Plaintiff’s counsel (or plaintiff’s tax advisor) might have read the new IRC section 162(q) and thought, “that only applies to the defendant who made the payment of attorney’s fees.” However, this may be a trap for the unwary, or more likely, an unintended consequence of Congressional drafting.
The United States Supreme Court in Commissioner v. Banks, 543 U.S. 426 (2005) ruled that plaintiffs must generally recognize as income the contingent fees awarded to their attorneys. However, Congress provided an above-the-line deduction for legal fees in employment cases. IRC section 162(a)(20) to mitigate the harsh result that a plaintiff would be taxed on an amount payable to their attorney.
On the face of the newly enacted IRC section 162(q), the disallowed deduction applies to any payment of attorney’s fees, including such a payment by the plaintiff. The result of this language could be especially harmful for plaintiffs. A plaintiff could be subject to tax on 100% of the settlement, including the portion representing payment of their counsel fees, even when 40% of the settlement amount is paid to her attorney.
The IRS could offer guidance in this area that the deduction is only disallowed for defendants and not for plaintiffs. Or alternatively, Congress could fix this (oversight?) with a technical correction to the statute. Until there is additional guidance or a legislative fix, plaintiffs and their tax counsel will find themselves asking whether Congress really intended to punish plaintiffs in such a fashion.
Further Allocation of Settlement Amounts
Parties in employment-related litigation should currently allocate settlement amounts between wage claims and non-wage claims, as wage claims require employment tax withholding.
Now, parties should consider a separate allocation of settlement amounts between sexual harassment claims and non-sexual harassment claims in order to preserve deductibility for that portion of the settlement that is unrelated to the sexual harassment claim. Further, the parties should also consider a similar allocation of attorney’s fees between amounts related to sexual harassment/abuse and fees related to other claims.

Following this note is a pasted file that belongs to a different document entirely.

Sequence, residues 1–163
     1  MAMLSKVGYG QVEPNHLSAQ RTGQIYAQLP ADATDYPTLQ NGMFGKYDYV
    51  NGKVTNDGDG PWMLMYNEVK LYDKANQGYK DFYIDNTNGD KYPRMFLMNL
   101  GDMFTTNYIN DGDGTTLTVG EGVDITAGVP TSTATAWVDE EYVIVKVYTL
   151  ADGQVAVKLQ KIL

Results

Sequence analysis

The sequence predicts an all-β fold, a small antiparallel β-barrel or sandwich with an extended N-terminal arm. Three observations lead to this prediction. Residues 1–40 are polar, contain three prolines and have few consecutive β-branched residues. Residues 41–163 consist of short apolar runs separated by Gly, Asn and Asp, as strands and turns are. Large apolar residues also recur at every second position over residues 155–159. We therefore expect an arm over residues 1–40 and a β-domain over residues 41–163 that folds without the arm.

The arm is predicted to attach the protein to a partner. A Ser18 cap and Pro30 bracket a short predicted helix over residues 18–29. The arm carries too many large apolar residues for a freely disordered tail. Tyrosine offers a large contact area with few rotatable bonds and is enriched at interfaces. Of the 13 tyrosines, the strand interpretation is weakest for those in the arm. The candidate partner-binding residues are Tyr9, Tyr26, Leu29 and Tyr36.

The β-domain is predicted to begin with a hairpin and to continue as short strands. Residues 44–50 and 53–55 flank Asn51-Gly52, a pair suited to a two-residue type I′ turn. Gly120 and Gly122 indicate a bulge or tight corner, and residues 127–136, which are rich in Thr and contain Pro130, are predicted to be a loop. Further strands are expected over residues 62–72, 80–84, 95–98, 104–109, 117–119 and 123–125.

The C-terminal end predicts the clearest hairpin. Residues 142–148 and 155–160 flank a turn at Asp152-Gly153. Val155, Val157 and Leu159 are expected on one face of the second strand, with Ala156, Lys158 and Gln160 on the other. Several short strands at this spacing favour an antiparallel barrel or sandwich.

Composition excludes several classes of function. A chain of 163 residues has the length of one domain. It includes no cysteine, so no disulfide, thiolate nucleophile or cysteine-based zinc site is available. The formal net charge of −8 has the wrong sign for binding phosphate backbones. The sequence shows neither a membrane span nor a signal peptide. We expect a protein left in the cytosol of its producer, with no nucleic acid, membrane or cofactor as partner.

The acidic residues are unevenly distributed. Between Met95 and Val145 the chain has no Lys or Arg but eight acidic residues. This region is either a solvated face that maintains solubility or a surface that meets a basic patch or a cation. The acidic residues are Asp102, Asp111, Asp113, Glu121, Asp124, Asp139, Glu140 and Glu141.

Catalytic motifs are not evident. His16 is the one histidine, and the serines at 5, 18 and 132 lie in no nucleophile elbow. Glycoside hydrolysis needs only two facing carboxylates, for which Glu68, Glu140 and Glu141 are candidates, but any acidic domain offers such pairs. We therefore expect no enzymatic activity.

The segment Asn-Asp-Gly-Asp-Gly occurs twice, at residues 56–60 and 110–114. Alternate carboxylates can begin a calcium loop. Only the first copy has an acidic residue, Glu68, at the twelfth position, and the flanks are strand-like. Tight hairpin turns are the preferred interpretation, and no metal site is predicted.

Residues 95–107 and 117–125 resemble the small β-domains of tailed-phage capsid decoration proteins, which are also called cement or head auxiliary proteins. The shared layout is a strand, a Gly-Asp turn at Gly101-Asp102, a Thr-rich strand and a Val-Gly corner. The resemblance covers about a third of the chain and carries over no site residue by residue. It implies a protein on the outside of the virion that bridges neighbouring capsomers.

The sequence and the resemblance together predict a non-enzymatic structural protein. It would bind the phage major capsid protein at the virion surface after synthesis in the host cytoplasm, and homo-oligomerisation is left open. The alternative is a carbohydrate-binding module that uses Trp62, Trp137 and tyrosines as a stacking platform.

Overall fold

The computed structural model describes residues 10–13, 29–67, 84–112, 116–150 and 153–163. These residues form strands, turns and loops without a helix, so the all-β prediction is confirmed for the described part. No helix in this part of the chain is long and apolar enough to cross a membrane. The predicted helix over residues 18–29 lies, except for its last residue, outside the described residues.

Of note, the IRS is not bound by allocations contained in settlement agreements to which it was not a party. See Robinson v. Commissioner, 102 T.C. 116 (1994), rev’d in part on other grounds, 70 F.3d 34 (5th Cir. 1995), cert. denied 519 U.S. 824 (1996). The parties’ allocation among various claims of the settlement can be challenged where the facts and circumstances indicate that the allocation does not reflect the economic substance of the settlement. See Phoenix Coal Company, Inc. v. Commissioner, 231 F.2d 420 (2d Cir. 1956). However, an allocation in a settlement is generally binding for tax purposes to the extent that the agreement is entered into by the parties in an adversarial context, at arm’s length, and in good faith. Threlkeld v. Commissioner, 87 T.C. 1294, 1306-1307 (1986).
There a number of key takeaways and unsettled questions as a result of the new Code provision on the settlement of sexual harassment or sexual abuse claims subject to nondisclosure agreements: The cost of confidentiality is the loss of income tax deductions for payments made to settle sexual harassment/abuse claims and related attorney’s fees. Will the statute be read broadly to encompass other claims settled in connection with a sexual harassment claim? Will the loss of the income tax deduction cause employers to value settlements differently? Will the disallowed deduction for attorney’s fees be extended to plaintiffs, causing a much larger tax liability for plaintiffs than under prior law? Parties may consider larger allocations to non-harassment/abuse claims, though allocations can be challenged by the IRS and may not be respected by the Courts. Will employers forego confidentiality provisions to preserve income tax deductions, perhaps coupled with a policy or practice of transparency or will the desirability for confidentiality be worth the additional cost.
About the Author
Mr. Turanchik is an attorney in the Tax Department at Paul Hastings LLP. The new Code provision is effective for payments made or incurred after December 22, 2017. In fact, payment for punitive damages is deductible. See Rev. Rul. 80-211, 1980-2 C.B. 57. The new tax bill also reduced the corporate income tax rate to 21% from the previous 35% which means a disallowed deduction of $100,000 would only be an additional cost to an employer of $21,000 as opposed to $35,000 under prior law.For additional information, please contact us via email at email@example.com.